Published November 27, 2012
When it comes to choosing mutual funds to build your 401(k) or retirement portfolio, there’s more to the decision-making process than the stocks that make up the investment. Funds’ fees can also have a serious impact on your total return.
“If you have a 401(k) with 2% fees or higher, over the course of 40 years of your working life you can easily end up with half of your retirement earnings going to fees,” says Bill Harris, founder of online wealth management company Personal Capital. “People think it’s just 2% but to make up what you’re paying in fees means five or more years of additional work.”
The type and amount of fees investors pay vary: marketing and distribution fees are used to promote and sell the fund, other fees pay the fund manager if the fund is actively managed and administration fees cover all the expenses related to running a mutual fund.
Tisa Silver-Canady, assistant director at the office of Financial Education and Wellness at the University of Maryland, says administrative fees may be justifiable, but argues fees for marketing and distribution don’t benefit the investor.
“A fund with high marketing fees is not going to help people already invested in the fund,” she says. “If the company is spending a lot of money to market the fund those high fees can eat away at the return.”
The fees associated with an actively-managed fund are also questionable, according to mutual fund experts. Investors may not mind paying fees to have a top-notch fund manager pick the stocks that go into the mutual fund if the fund beats the market. But that’s not always the case, making the fees for an actively managed fund a waste of money if it doesn’t outperform.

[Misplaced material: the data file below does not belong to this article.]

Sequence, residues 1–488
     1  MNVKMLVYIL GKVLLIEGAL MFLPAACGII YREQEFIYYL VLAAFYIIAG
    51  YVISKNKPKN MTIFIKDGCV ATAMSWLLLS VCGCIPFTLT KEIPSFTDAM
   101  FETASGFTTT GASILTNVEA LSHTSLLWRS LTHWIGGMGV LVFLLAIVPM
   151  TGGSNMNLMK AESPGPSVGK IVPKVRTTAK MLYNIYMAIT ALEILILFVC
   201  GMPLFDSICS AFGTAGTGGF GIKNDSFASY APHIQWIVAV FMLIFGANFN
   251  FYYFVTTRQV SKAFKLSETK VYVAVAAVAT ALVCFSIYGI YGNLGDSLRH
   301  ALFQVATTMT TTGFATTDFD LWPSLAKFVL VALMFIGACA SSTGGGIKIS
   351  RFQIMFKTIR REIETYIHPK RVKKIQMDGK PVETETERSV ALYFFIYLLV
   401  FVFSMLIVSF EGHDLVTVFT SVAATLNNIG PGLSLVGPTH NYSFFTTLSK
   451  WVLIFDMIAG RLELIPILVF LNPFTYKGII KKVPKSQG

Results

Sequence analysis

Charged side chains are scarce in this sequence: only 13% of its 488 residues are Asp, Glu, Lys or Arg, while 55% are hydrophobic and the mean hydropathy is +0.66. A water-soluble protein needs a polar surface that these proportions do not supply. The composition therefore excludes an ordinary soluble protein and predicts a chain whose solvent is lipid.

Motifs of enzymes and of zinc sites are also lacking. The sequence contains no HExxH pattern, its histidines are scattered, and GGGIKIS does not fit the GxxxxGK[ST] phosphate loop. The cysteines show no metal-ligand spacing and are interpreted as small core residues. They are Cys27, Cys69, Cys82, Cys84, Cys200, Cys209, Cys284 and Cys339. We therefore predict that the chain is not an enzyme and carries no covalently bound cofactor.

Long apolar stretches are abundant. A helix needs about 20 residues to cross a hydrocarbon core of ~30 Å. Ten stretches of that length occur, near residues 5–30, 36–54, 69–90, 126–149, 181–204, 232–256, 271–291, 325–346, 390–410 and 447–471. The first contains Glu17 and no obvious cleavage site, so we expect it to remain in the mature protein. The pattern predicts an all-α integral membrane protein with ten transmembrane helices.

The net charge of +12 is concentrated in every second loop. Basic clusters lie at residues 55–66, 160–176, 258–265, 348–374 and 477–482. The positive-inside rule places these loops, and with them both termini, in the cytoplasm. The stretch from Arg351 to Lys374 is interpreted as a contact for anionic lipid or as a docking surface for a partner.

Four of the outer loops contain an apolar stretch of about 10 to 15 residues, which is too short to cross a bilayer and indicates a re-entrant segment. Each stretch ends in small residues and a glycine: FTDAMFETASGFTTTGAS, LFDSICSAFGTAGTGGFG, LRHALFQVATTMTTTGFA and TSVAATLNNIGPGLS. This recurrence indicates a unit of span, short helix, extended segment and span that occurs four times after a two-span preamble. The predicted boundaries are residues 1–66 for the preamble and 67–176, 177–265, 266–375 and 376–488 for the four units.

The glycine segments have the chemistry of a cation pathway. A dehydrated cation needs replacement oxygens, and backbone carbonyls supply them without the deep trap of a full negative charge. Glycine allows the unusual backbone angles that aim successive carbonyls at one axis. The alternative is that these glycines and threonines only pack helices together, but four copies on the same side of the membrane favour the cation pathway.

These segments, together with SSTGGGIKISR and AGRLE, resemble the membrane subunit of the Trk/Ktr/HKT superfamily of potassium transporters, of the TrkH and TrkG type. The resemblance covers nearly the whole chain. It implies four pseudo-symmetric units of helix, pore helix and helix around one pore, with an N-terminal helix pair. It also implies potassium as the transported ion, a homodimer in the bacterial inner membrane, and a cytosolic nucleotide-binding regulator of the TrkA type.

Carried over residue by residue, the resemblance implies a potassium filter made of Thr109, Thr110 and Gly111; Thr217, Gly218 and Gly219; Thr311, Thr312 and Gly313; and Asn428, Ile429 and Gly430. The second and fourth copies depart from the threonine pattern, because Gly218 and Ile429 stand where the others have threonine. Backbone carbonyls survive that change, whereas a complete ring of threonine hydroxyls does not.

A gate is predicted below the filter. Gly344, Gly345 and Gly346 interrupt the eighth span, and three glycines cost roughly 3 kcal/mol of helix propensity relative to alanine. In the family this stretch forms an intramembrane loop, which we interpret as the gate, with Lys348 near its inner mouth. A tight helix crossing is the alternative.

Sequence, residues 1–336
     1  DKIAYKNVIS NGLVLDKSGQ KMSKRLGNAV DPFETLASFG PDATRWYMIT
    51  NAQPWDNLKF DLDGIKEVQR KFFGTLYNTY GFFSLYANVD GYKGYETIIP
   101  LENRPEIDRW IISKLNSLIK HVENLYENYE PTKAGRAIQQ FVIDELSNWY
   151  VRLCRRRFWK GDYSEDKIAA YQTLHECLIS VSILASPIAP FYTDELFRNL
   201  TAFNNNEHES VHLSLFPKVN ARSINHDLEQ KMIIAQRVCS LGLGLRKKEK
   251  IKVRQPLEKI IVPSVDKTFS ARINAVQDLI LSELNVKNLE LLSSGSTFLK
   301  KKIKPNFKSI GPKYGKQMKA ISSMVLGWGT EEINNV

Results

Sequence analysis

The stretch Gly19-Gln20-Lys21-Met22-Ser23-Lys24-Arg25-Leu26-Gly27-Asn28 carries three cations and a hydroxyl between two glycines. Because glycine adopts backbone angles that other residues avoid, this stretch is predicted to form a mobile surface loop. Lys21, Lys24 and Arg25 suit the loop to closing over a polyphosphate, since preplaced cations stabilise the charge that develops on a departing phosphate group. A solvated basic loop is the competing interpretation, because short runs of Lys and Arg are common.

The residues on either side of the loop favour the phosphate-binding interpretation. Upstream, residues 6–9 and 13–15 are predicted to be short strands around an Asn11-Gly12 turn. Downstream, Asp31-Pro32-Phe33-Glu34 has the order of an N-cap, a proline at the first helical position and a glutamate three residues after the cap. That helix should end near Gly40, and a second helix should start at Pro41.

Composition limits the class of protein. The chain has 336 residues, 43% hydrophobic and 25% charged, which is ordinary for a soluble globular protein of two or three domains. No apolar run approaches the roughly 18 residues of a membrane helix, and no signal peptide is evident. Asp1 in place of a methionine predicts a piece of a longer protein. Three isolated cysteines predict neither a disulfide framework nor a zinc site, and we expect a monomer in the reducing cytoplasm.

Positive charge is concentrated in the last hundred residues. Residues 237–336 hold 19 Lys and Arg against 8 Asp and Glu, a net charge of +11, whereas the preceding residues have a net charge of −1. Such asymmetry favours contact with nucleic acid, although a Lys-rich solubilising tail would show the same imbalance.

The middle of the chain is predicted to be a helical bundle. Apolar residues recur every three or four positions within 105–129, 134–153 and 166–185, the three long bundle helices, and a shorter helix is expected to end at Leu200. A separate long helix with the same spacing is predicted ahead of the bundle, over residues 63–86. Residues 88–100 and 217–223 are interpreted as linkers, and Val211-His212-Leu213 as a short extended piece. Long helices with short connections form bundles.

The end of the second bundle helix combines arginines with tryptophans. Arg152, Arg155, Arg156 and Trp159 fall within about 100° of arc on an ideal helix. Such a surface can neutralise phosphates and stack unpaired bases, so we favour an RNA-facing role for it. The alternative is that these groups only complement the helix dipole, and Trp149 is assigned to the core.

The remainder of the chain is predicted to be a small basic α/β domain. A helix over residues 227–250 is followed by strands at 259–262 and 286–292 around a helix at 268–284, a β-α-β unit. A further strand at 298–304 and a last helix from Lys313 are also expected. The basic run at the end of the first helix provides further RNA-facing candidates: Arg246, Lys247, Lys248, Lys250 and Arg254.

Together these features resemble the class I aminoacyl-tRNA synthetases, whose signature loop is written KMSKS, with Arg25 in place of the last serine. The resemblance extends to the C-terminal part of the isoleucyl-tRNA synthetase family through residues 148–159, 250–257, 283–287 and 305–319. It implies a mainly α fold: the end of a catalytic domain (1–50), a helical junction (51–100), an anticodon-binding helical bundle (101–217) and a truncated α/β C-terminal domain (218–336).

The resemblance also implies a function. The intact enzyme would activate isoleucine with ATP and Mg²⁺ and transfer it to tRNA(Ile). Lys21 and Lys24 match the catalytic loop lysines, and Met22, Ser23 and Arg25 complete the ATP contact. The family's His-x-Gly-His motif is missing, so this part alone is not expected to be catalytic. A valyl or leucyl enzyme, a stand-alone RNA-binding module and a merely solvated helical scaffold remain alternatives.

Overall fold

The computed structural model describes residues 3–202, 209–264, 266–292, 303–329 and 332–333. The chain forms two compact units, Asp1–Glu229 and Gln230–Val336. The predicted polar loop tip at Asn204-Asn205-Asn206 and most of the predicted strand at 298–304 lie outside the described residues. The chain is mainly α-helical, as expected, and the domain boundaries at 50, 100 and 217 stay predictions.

“History shows most active managers don’t beat the market,” says Silver-Canady. “You don’t want to pay someone extra to do something that’s not earning you an extra amount of return over time.”
According to Greg Carpenter, chief executive of Employee Fiduciary, retirement investors are better off choosing passive mutual funds like an index fund or an ETF for their portfolio to avoid fees and have a greater portion of their money grow. “You really need to figure out why you’re paying (for an actively-managed fund) because a lot of the time you have a match from your employer. Why do you want to chase an additional return when you get a match,” says Carpenter.
Just like the types of fees vary, the percentage you will pay also differs. Often employees of large corporations will pay less in fees than those at small and medium businesses because larger organizations have more power to negotiate. Experts say total fees of 1% or below are considered good, while fees of 2% or more are considered “ugly”. “There is a lot of ugly,” says Harris.
In addition to the fees, investors have to be aware of their investment’s share class. Each share class has a different fee associated with it, explains Carpenter. For instance, one share class can charge fees of 67 basis points while another can charge 192 basis points all for the same underlying investments, he says.
Even though mutual fund fees are public knowledge, finding out how much you are paying isn’t that easy. According to mutual fund experts, federal legislation has been circulating for years to require funds to disclose fees, but it has only been in 2012 that the Department of Labor issued regulatory advice mandating disclosure of fees to participants. While that helps, deciphering the fees is still tough because they are often disclosed in long legal-like documents, says Harris.
Investors have to rely on their employer to explain the fees or check the fund fees online with one of the many mutual fund research websites. “When you get your statement it’s not spelled out for you,” says Silver-Canady. “Don’t be discouraged if the information isn’t right in front of you. It may be hard to find but it’s worth digging for.”